This is the only recognized rookie card of the great quarterback and the key to the 1954 Bowman set. When it comes to longevity, George Blanda is football's equivalent to Nolan Ryan in baseball or Gordie Howe in hockey, playing for an amazing 26 seasons as a quarterback and place kicker. By the time he retired, Blanda was the all-time leader in points with 2,002 after playing in 340 games. As a quarterback, he threw for a total of 26,920 yards and 236
touchdowns, which included seven in one game in 1961. As a kicker, Blanda connected on 335 field goals and 943 extra points. Blanda will probably be best remembered for his 1970 performance with the Oakland Raiders. During that season and at the age of 43, Blanda had a string of five consecutive games with a last-second score to either
win or tie the game (four wins and one tie.) He led the Raiders to the AFC Championship Game, becoming the oldest quarterback to do so. Blanda retired at the age of 48, just before the 1976 season. In 1981, he was inducted into the Pro Football Hall of Fame. This 1954 Bowman issue, measuring approximately 2 ½" by 3 ¾" is not quite as difficult as some of the other 1950s football sets, but is difficult to find well-centered in PSA NM-MT 8 or better condition.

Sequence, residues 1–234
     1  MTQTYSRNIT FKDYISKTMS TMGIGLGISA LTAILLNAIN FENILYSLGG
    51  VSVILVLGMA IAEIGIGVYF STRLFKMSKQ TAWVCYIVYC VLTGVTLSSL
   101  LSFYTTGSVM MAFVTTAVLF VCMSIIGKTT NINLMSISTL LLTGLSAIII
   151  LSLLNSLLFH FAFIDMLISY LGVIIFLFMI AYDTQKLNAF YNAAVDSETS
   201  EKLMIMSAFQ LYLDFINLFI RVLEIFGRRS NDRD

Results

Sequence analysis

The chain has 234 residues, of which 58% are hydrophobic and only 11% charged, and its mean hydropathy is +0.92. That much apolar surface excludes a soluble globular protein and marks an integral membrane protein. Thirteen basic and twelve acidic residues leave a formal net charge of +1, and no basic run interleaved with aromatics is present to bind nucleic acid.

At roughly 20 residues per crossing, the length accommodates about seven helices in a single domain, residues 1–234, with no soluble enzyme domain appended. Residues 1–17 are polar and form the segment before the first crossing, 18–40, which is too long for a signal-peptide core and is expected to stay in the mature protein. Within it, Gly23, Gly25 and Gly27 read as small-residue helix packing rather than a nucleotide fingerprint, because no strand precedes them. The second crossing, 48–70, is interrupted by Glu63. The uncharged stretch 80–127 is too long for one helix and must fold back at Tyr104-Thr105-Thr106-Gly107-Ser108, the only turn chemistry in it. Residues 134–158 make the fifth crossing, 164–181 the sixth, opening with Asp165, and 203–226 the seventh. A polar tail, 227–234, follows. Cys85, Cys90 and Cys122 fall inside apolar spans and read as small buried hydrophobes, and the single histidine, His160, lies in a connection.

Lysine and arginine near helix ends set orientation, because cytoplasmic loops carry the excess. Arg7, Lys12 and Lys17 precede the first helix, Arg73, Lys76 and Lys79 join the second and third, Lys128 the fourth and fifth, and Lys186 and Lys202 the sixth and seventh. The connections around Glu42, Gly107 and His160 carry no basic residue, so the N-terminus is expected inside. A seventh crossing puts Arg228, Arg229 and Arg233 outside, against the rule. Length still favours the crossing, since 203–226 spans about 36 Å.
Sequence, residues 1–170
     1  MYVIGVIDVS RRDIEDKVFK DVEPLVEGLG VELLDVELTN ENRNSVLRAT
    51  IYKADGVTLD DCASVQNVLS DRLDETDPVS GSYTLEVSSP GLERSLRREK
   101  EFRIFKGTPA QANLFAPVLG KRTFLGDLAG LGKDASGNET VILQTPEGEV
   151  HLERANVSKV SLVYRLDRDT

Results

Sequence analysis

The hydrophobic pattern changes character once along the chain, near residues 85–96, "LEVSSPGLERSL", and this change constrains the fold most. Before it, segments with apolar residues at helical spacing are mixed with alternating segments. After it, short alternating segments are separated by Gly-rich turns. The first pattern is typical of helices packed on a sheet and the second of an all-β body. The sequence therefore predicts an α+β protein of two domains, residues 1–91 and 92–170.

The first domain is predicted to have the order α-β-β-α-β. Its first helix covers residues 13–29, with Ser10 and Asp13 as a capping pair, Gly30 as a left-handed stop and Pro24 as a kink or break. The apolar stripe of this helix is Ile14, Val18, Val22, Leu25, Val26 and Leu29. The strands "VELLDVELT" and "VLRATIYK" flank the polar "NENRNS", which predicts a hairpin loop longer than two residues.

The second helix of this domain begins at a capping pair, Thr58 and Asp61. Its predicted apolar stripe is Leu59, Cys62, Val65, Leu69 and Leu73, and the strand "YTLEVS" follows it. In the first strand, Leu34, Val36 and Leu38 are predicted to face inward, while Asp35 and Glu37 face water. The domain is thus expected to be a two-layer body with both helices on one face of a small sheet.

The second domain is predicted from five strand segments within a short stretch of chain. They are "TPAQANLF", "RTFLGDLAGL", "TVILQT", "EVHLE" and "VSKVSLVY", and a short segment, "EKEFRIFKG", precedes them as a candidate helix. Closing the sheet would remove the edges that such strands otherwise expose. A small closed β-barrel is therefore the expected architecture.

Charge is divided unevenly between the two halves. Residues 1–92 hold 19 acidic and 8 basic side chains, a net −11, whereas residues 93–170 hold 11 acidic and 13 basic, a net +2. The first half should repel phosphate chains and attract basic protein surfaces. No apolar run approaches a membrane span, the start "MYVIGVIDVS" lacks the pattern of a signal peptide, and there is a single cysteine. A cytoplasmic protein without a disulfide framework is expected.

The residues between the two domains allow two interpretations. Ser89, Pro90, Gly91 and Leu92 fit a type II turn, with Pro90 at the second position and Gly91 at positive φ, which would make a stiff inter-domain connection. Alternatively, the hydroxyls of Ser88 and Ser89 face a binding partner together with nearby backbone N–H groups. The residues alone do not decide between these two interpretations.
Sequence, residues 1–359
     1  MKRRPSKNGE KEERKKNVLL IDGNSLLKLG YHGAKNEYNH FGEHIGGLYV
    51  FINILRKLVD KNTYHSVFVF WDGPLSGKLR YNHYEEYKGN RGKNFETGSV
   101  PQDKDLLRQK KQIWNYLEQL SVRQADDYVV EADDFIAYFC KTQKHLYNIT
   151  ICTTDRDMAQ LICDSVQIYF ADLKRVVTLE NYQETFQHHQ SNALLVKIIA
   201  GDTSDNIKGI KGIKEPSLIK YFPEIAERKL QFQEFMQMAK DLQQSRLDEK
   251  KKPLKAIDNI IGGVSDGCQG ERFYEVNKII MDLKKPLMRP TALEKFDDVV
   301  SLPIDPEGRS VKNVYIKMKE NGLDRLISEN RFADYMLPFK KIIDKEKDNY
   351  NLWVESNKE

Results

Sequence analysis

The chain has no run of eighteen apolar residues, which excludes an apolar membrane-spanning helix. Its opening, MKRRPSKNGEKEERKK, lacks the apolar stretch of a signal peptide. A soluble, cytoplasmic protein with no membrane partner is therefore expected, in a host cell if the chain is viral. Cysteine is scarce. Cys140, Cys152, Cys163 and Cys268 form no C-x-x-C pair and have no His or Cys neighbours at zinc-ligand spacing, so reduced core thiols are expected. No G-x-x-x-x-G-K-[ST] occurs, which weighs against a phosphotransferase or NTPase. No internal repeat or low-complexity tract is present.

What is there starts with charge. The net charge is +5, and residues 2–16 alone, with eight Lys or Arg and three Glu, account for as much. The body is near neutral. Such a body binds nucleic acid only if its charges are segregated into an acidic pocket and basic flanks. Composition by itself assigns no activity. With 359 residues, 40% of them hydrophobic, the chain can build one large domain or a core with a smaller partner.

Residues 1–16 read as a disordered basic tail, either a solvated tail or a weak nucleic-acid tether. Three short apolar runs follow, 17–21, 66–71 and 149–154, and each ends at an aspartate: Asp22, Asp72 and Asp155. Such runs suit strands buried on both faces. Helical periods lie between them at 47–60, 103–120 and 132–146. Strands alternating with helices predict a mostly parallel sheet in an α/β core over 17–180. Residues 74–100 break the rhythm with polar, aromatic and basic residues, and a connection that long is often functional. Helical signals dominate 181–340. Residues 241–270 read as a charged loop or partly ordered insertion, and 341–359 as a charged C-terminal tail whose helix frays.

George Frederick Blanda (September 17, 1927 - September 27, 2010) (QB/K) played a record 26 seasons in the NFL, scored the most points in history at the time of his retirement and is one of three players to play in four different decades. George played quarterback and placekicker/punter for the University of Kentucky and legendary coach Paul “Bear” Bryant. The Chicago Bears selected Blanda in the 12th round of the 1949 NFL Draft. He played for the Bears (1949, 1950-1958), the Baltimore Colts (1950), the American Football League’s Houston Oilers (1960-1966) and Oakland Raiders (1967-1969), remaining with the Raiders after the NFL merger (1970-1975). After a falling out with Bears management over playing time as a quarterback, George retired in 1958, only to be lured out of retirement by the Houston Oilers of the newly formed American Football League. Blanda led the league twice in passing yards, four times in interceptions, three times in average yards per game, and from 1963-1965 led the AFL in completions and attempts. As a kicker, he led the league three times in field goal attempts and field goal percentage, seven times in extra point attempts and eight times in extra points made. He was a four-time AFL Pro Bowl selection and was named to the 1961 NFL All-Pro First Team. In 1961, he was the AP and UPI’s AFL Most Valuable Player Award winner. He won the 1970 NFL Bert Bell Award for Player of the Year and won the 1974 Walter Payton Man of the Year Award winner. George Blanda continues to hold numerous professional football records including most touchdowns in a game (7), most season (26), first player to 2,000 points and most pass attempts in a single game (68). George scored at least one point in 26 seasons and finished his career with an astounding 2,002 total points on nine rushing touchdowns, 943 extra points made and 335 field goals made. George Blanda was inducted into the Pro Football Hall of Fame in 1980.